There have been several high-profile data breaches in the last year. For example, LinkedIn was breached in June 2021, resulting in 700 million users having their information sold online. In September, the retailer Neiman Marcus was breached, with 4.8 million customers being affected. In October of 2021, it was announced the information of 1.5 billion Facebook users was put up for sale in a hacker’s forum. And those are just a few of the hundreds of data breaches taking place in 2021. In the state of Washington, the number of known breaches went up from 220 last year to 280 in 2021.
Security has always been a consideration for database administrators, but the recent breaches have made it a primary concern. As a result, increased database security has become a trending issue.
In-memory databases are gaining popularity because they respond faster than traditional systems. An in-memory database (IMDB) eliminates the disk drive, and instead stores data in the computer’s main memory – its random access memory or RAM. This tactic reduces response times.
The lowered response times is made possible because there is no need for translation and caching. The data being used remains in the same form as when it arrived, and in the same form as the application working with it. These databases are commonly used by applications that depend on rapid response times and offer real-time Data Management. The industries operating and benefitting from in-memory databases include banking, travel, gaming, and telecommunications.
The Graph Database
Graph databases provide an excellent way to establish and research relationships in a quick and easy way. They use nodes and edges to form data relationships (nodes represent entities, and edges represent their relationships). Graph databases are designed to assign the relationship between data entities with the same importance the data receives. The design results in only the data which is needed being accessed, while unnecessary data remains untouched, making data retrieval more efficient.
Currently, graph databases are being used with network and IT management. They have been used for accessing social media and providing business intelligence, and for finding anomalies and enhancing security. More recently, graph databases have started being used successfully with:
- Network management
- Impact analysis
- Data center and IT asset management
- Cloud platform management
Open Source Databases
Ten years ago, “open source” Database Management systems were not as commonly used as they are now. They are now used by 7% of the market. Open source technologies generally evolve and develop quickly, and this includes databases. Open source technologies are typically designed to minimize the barriers of adoption, and are extremely attractive to apps developers working with cloud-native platforms.
Gartner has predicted that by 2022, over 70% of the new in-house applications created will be developed using an open source DBMS (OSDBMS), or a cloud-based OSDBMS platform-as-a-service. Open source has shown itself to be a successful method for tapping into creativity and problem-solving skills. It has been used to develop and distribute useful business-critical software, and its use will continue to grow.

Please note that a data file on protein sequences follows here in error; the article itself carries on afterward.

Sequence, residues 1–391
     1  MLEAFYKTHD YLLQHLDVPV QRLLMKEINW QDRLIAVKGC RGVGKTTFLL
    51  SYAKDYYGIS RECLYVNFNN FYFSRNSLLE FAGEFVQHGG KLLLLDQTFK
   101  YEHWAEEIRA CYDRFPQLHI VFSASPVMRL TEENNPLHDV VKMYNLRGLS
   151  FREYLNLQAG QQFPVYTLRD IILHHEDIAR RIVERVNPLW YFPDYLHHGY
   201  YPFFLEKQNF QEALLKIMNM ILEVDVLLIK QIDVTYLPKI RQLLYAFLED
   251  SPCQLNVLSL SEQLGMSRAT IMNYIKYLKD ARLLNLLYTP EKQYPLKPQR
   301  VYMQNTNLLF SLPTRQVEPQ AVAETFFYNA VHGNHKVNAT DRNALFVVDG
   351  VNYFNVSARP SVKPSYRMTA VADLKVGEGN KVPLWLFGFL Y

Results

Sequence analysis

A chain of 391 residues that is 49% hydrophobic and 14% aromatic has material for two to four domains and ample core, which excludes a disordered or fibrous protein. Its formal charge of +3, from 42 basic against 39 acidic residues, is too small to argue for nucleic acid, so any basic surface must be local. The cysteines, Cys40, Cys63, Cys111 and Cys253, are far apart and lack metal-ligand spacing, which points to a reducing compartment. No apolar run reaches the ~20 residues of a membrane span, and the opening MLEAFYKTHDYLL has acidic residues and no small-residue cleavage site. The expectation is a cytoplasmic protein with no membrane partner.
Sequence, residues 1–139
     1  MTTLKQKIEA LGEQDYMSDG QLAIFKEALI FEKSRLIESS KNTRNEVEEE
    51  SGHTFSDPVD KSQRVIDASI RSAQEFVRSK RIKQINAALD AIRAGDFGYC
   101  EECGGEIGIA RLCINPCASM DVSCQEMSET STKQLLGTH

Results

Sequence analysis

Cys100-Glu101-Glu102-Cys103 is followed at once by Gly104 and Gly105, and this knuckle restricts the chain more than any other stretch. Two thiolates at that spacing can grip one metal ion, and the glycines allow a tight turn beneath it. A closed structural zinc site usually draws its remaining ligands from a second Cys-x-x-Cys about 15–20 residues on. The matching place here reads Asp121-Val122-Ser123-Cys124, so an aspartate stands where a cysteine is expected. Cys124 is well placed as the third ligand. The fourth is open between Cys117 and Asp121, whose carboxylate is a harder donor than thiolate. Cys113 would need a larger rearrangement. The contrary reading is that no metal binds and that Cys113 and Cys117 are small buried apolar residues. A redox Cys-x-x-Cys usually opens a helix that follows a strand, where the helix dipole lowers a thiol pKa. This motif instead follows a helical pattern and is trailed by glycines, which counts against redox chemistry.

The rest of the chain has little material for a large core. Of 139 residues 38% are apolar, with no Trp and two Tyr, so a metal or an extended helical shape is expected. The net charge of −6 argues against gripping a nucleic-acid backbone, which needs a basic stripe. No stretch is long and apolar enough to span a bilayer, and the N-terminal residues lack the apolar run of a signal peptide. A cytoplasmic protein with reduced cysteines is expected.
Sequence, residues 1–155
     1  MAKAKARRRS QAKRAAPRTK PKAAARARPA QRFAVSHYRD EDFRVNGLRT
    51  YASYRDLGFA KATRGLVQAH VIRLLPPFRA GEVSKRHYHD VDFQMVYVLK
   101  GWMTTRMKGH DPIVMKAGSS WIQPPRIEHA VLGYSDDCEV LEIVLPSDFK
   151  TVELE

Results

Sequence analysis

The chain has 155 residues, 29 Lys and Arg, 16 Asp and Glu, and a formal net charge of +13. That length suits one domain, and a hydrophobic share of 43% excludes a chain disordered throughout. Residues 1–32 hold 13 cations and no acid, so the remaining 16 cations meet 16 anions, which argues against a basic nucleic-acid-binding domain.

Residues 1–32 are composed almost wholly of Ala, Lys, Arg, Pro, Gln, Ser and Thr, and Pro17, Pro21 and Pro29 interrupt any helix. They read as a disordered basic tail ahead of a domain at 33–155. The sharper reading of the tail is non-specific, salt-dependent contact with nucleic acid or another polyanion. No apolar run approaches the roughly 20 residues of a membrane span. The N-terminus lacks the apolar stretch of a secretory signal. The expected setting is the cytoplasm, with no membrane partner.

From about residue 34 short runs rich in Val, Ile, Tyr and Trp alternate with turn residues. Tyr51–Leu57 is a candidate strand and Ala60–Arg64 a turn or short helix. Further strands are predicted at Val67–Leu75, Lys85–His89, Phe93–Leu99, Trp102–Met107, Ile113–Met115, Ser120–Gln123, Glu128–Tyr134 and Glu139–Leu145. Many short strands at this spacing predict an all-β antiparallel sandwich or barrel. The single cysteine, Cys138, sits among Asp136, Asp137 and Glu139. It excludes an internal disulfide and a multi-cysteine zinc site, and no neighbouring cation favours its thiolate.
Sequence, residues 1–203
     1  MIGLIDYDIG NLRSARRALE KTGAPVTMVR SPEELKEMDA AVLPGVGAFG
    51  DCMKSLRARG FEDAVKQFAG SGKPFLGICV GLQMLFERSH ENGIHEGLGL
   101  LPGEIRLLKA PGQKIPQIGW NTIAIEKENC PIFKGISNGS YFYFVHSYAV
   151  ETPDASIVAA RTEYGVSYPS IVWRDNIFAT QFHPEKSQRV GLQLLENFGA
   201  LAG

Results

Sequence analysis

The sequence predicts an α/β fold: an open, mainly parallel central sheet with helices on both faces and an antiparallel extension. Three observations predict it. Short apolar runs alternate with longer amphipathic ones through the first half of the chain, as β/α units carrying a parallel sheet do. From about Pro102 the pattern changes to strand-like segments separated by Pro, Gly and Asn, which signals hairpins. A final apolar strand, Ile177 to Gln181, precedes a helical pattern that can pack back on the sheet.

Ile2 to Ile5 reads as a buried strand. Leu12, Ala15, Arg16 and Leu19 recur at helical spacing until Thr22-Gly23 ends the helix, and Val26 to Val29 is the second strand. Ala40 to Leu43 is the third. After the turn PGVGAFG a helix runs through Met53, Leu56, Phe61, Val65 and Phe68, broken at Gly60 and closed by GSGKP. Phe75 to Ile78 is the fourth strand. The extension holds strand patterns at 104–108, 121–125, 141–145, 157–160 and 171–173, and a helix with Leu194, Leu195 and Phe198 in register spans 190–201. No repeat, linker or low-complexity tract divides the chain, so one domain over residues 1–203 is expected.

Generally speaking, in the past databases were not designed to work with microservices. Databases were normally monolithic. Monolithic architecture is the traditional way of developing applications. Monolithic software is developed as a single, indivisible unit. Monolithic applications typically lack modularity and use one large code base.
The Database Management trend of using databases-as-a-service is based on the behavior of development teams designing and building applications, while using a microservice. When an application “interacts with a database,” the data is shared by all the application’s components.
With a microservices app, however, the data is not shared, but decentralized. Each microservice is autonomous and comes with its own private data storage, relevant to its functionality. One service cannot modify the data stored inside another service’s database. This creates a conflict for integrating microservices with a DBMS.
Fortunately, many new database offerings (primarily NoSQL vendors like AWS DynamoDB and MongoDB) support the flexibility, redundancy, and scalability requirements, and the serverless architecture pattern needed for microservices.
Database Management Trends and Evolution
Until recently, DBMSs have been considered consistent, trustworthy structures that offered reliability without drama. However, with the pandemic acting as an accelerant, databases are evolving to process data more efficiently, while simultaneously becoming more intelligent. To access this evolution, and embrace the economic benefits offered by the cloud, businesses are increasingly shifting to cloud databases.
Currently, a large part of the DBMS market’s growth is being driven by organizations moving their Database Management systems to the cloud, which provides faster integration and configuration. Additionally, improved security protocols and superior tools have made remote work a more reasonable option, and has had significant impact on the market’s current growth. The increasing number of demands being made on DBMSs – and the increasing number of solutions – makes research a key step in selecting a new Database Management system.